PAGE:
Firearm Safety and Injury Prevention During Early Childhood: A Parent Engagement Approach
This study will assess parents’ perceptions of risk and will engage firearm-owning parents of children up to 5 years old with a mixed-methods, community-based approach to develop and pilot a parent-delivered intervention to inform prevention of unintentional firearm injury and death in early childhood.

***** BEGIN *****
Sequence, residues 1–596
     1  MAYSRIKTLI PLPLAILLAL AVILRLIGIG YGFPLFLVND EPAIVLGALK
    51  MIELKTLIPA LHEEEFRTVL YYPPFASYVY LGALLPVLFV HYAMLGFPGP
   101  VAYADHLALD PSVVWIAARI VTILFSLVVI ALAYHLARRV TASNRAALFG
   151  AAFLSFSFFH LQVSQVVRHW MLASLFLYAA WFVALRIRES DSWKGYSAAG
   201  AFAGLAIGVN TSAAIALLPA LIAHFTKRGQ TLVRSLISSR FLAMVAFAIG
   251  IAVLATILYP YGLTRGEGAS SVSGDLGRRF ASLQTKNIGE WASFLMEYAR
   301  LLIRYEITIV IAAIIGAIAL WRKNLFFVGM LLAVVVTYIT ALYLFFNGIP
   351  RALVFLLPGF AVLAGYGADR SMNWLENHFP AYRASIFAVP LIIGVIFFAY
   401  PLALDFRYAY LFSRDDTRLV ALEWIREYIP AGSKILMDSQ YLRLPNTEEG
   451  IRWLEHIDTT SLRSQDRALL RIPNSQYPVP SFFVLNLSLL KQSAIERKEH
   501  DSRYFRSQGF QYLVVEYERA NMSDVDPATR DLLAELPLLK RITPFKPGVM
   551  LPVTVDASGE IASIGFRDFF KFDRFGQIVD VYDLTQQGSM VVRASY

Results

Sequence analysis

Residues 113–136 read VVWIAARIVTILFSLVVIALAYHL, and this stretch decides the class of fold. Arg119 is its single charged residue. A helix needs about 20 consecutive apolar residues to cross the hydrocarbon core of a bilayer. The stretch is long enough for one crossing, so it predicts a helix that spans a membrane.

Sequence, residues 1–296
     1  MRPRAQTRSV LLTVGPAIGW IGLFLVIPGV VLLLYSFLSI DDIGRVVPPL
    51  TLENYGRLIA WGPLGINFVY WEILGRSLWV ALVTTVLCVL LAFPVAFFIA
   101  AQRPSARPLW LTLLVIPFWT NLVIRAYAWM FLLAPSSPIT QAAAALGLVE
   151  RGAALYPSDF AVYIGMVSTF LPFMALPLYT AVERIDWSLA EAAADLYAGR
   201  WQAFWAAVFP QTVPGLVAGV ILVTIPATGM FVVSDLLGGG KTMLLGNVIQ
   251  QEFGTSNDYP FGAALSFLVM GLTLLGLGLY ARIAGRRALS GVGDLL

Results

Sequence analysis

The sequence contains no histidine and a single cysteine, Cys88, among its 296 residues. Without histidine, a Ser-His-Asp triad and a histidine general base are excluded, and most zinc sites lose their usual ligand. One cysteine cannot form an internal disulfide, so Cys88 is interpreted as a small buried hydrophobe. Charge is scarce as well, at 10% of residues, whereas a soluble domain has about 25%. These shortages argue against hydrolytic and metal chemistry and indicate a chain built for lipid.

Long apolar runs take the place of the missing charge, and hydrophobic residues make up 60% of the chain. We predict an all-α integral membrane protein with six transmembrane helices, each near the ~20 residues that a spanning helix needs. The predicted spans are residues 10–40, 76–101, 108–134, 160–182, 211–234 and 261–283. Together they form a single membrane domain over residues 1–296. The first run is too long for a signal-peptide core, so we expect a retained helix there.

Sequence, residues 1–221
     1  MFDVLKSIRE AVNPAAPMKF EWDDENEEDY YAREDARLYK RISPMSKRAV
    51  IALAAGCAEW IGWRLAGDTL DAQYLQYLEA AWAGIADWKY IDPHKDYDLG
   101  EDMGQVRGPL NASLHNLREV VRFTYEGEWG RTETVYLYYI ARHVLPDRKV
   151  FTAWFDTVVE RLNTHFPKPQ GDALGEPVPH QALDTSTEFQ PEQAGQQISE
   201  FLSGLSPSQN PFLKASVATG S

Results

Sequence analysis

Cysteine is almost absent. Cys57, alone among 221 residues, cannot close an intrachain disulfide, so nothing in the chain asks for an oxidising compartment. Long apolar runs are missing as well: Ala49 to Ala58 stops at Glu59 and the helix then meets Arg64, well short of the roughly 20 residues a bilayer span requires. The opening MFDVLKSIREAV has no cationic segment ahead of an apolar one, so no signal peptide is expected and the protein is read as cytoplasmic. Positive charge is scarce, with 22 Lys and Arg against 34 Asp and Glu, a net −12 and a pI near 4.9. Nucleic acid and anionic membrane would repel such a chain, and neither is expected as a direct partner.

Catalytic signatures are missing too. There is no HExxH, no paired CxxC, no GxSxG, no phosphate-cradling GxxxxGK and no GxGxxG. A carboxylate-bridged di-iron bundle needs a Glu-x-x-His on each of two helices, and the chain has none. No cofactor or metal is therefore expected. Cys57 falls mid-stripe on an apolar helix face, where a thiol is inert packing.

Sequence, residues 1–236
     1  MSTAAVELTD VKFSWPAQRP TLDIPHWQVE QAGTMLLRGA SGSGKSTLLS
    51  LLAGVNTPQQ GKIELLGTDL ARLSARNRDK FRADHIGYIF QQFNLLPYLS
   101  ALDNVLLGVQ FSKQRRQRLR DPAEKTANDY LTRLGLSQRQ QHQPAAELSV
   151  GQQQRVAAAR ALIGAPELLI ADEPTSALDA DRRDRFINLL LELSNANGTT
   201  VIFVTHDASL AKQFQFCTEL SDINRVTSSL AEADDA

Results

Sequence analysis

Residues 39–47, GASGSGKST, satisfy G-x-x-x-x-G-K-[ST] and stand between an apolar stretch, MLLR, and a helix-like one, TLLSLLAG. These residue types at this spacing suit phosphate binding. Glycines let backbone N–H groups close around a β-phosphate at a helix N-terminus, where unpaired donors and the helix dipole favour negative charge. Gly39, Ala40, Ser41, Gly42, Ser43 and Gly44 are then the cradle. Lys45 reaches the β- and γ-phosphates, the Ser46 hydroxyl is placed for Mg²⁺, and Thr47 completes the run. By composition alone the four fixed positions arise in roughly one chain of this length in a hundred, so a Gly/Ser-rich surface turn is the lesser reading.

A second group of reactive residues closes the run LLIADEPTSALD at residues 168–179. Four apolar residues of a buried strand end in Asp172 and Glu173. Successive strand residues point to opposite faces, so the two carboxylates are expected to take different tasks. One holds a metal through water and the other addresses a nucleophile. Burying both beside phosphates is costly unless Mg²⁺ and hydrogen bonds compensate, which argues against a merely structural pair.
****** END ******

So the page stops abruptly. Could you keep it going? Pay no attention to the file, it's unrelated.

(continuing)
Firearm-related injuries recently became the leading cause of death among children in the U.S., and children under 5 years of age are among the largest age groups of all ages impacted by unintentional firearm injury. Thirty-four percent of gun deaths among children under age 5 were unintentional, compared with less than 2% of adults ages 20 and over. We posit that current approaches fail to prevent unintentional firearm injury and mortality in early childhood for 3 key reasons: 1) mismatch in parents’ mental models of firearm risk and injury prevention compared to expert recommendations; 2) barriers to safe firearm practices specific to the early childhood period; and 3) need for precision messaging that addresses these issues and is delivered by trusted messengers. The purpose of the proposed study is to address these gaps by engaging parents of young children (ages 0 to 5 years) with a mixed-method, community-based approach for intervention development and pilot implementation. Our Aims are to: First, conduct focus groups and interviews with parents and experts and a national survey to better understand parents’ mental models and identify areas of mismatch with expert views regarding firearm safety practices (including safe storage behavior and communication with others in the child’s environment). We will use both quantitative and qualitative data to examine and refine a theory-informed conceptual model of parent firearm safety practices and identify modifiable factors related to parent mental models of firearm safety in early childhood; Second, use the findings to develop effective intervention strategies, messages, and materials to address barriers to firearm safety during early childhood and promote firearm safety behavior and communication; Third, engage parents as trusted peer messengers to deliver a pilot version of the firearm safety intervention using parent-empowerment techniques. We will evaluate receptivity of messages for firearm-owning parents with young children, conduct process and outcome evaluation of the intervention using a case-control design and collect both qualitative and quantitative data from participants to inform intervention refinement. The findings from this project will inform promotion of effective firearm safety practices using a parent-empowerment model among parents with young children.